Thursday, February 20, 2014

"The Need Doesn't Go Away..." and That's Exactly What They Were Counting On

by Rodman Reynolds

I've never found law enforcement particularly interesting; I've never considered a career in it, I rarely read in the true crime genre, I don't watch detective shows and I find the FOX show COPS downright repulsive.

For some strange reason, however, I make an exception with the Secret Service. That agency's unique function, methods, and training have fascinated me for decades. Out of the excellent books published about the Service in recent years, one of my favorites is
Standing Next to History, by former Presidential Protective Detail agent Joseph Petro. While I read it, this anecdote of the author's first impressions of air force bases fixed itself in my memory:
“Anderson AFB was a treat, a far cry from the naval stations I'd known during the Vietnam war. The navy doesn't live as well as the air force, and a four-star general there once told me why. 'When we get an appropriation from Congress to build an air force base,' he said, 'we build the Officers' Club, the Enlisted Men's Club, the NCO Club, the commissary, the movie theater, and all the other creature comforts. Then we go back to Congress for a supplemental to build the runway. What can they say?' He was probably being facetious, although I've never been sure, because from what I know about how the government pays for things, it might well have worked like that.”

We need look no further than our own back yards to see how government spending practices work just like that. After it became clear that the Everett school district's 2014 bond proposal measure was going to fail, school board president and retired Navy captain Pam LeSesne told the Daily Herald, “The need doesn't go away.”

Indeed, the need does not go away, and that was exactly what the school board and superintendent were counting on when they made the conscious decision to revise their statement of intent for how state matching funds were to be used from the original 2006 bond proposal. There were certainly plenty of capital project needs around the district at the time of their decision to re-purpose the state matching funds in 2011, but they chose instead to make those needs wait while they took care of the creature comforts for the superintendent and central administration.

Those needs didn't go away, and while we heard nary a whisper of them in 2011, they re-emerged all drawn up in an impressive list once the new administration building was built and it was time to ask district taxpayers for more money – an unprecedented quarter billion dollars more money. What they weren't counting on was that a lot more of us have been paying attention than they had estimated. They also didn't count on our memories being longer than they had estimated, either. And they sure didn't count on us not falling for the bond/levy PAC's $34K campaign to push the measure through.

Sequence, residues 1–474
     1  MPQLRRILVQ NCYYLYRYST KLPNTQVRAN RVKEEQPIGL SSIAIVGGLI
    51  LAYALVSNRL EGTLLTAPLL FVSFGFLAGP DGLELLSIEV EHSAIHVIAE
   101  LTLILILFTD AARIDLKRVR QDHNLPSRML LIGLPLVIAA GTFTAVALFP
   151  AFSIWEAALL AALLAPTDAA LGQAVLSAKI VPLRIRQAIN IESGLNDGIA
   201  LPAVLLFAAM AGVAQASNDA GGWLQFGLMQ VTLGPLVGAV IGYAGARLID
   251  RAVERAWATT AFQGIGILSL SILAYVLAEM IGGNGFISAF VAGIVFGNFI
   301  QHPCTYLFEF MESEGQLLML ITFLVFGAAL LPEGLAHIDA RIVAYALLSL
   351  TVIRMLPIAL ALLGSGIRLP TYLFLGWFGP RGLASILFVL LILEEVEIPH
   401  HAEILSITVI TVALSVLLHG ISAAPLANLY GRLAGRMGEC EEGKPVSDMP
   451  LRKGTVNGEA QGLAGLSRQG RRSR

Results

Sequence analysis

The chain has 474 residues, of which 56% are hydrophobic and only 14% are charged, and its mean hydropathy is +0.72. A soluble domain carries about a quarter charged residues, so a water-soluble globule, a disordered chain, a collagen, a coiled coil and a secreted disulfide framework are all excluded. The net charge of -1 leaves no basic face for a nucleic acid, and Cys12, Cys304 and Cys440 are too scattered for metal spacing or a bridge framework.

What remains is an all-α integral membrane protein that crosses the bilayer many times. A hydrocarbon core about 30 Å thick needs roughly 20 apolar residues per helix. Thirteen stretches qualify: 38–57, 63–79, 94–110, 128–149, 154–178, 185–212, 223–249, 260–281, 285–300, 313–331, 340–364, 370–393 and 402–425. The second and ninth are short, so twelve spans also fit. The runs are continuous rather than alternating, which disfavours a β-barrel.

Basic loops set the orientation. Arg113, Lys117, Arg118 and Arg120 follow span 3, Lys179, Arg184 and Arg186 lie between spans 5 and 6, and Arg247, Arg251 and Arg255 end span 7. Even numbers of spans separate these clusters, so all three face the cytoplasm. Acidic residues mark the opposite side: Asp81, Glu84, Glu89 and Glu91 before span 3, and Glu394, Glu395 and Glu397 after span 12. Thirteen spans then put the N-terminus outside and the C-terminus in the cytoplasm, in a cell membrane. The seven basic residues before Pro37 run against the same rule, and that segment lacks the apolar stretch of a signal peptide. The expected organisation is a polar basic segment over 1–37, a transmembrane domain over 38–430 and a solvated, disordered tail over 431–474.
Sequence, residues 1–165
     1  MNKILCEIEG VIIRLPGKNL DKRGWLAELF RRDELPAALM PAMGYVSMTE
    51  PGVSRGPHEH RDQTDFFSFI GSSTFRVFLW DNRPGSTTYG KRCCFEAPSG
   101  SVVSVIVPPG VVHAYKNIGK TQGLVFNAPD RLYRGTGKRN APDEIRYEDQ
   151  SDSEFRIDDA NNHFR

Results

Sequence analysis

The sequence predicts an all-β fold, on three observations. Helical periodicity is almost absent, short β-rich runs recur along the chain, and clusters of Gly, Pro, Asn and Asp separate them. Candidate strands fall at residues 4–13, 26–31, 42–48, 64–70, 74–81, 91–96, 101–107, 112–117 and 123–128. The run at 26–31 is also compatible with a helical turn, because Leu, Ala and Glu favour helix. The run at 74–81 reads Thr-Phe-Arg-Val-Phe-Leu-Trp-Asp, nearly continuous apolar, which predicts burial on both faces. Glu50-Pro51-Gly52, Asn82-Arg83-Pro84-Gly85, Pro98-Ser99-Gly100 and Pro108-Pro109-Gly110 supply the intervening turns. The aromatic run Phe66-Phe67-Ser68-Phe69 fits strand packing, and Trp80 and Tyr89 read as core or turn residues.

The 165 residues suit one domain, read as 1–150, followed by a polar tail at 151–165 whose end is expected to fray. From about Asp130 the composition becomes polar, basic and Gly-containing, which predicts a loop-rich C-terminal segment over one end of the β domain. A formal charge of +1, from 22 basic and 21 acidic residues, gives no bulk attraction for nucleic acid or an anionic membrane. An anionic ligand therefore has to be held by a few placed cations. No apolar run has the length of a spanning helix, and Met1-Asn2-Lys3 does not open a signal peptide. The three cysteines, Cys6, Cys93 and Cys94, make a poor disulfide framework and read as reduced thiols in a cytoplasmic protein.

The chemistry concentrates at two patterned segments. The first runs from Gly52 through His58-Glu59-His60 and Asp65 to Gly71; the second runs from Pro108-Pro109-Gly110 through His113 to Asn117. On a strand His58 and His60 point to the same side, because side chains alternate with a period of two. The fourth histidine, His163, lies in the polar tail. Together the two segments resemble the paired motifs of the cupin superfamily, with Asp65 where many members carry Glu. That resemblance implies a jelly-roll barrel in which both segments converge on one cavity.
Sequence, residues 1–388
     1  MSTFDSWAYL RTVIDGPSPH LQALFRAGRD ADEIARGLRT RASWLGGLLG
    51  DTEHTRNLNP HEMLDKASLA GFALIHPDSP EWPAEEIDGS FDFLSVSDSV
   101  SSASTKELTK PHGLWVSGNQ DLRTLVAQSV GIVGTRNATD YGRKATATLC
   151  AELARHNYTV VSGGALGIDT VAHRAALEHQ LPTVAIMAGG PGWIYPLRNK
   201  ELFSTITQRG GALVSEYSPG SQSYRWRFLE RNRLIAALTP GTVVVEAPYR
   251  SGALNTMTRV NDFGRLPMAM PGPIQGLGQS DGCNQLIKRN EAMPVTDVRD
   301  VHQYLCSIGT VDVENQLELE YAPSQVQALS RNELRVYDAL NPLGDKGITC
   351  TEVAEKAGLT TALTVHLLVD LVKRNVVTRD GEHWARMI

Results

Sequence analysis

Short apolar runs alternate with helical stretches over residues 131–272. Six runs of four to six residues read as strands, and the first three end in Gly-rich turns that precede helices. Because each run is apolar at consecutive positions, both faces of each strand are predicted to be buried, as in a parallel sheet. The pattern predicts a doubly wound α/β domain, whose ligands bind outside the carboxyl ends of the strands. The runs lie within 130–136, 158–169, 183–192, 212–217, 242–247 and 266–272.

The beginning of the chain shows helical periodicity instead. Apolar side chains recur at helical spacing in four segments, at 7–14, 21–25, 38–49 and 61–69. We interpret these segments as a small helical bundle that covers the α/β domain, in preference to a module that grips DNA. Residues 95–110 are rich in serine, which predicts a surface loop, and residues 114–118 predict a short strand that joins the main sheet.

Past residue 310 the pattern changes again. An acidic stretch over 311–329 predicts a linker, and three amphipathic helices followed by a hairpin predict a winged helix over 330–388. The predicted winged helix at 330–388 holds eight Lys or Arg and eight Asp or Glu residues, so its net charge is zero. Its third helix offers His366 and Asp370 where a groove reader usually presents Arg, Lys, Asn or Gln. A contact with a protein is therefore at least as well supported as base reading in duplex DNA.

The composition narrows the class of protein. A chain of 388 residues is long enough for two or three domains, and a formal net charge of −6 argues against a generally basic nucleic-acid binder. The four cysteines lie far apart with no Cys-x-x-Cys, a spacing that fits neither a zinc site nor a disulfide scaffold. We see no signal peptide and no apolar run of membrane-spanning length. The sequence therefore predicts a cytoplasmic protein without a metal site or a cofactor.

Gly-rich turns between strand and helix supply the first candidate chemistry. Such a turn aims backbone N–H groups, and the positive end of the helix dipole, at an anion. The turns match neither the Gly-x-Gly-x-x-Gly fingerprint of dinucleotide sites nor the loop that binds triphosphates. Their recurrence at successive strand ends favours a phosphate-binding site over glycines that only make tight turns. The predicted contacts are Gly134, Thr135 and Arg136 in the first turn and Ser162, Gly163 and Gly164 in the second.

What to do now? This voter will probably vote “no” on every district request for more money so long as the funds have to first pass through Supt. Gary Cohn's hands before they “benefit the kids.” But, not every “no” voter feels the same way, and there are a few steps the current board could take as it begins to build back some public trust:

  • The proposed projects can stay on the list. The list itself, however, should be broken down into smaller chunks. Rather than voting to approve ten years' worth of money for projects that may or may not happen, let's just stick to a smaller, specific list of projects where the need is the most urgent and which can be addressed and completed within the next four or five years. Costs can be estimated more accurately for projects in the near future than farther-off. Once we see the district is staying true to its word, they can come to us again with the next installment.

  • If the board truly wishes to build confidence and trust from the taxpayers, it needs to use the capital bond and state assistance funds for exactly what it states up front. If the needs truly “don't go away,” the board should have no trouble doing exactly that.

  • To this end, the board needs to change the language of the escape clause written into the bond resolutions that essentially reduces the contract between the district and taxpayers to handing the district a blank check. A simple change could be as follows:

    If, in the opinion of the Board, the needs of the District change in a manner that results in a circumstance wherein any portion of the above-referenced capital improvements is not required or in the best interests of the District, the Board retains the right not to acquire, construct and install such capital improvements and to reallocate the money originally contemplated therefor to other capital improvements to the Districts facilities deemed more necessary by the Board, or to deposit such money into the District’s Debt Service Fund to make debt service payments on the Bonds outstanding or to call and redeem a portion of the Bonds prior to maturity; provided, any change in use of Bond proceeds shall be in the form and manner required by law.

    While we're at it, cross out any instance of “administrative support.” If they identify a true need for a central administration capital project, let them put it on the proposal list and include it on a future bond request for all to see.
  • Rather than just rely on information provided by the superintendent and district staff (or consultants hired by the superintendent), the board should retain independent consultants and auditors who report only to the board to verify and corroborate what the staff reports.

Anyone who's tried to rebuild bad credit knows that it's a laborious process that requires not only trustworthy behavior, but also a lot of time. The same goes for restoring credibility.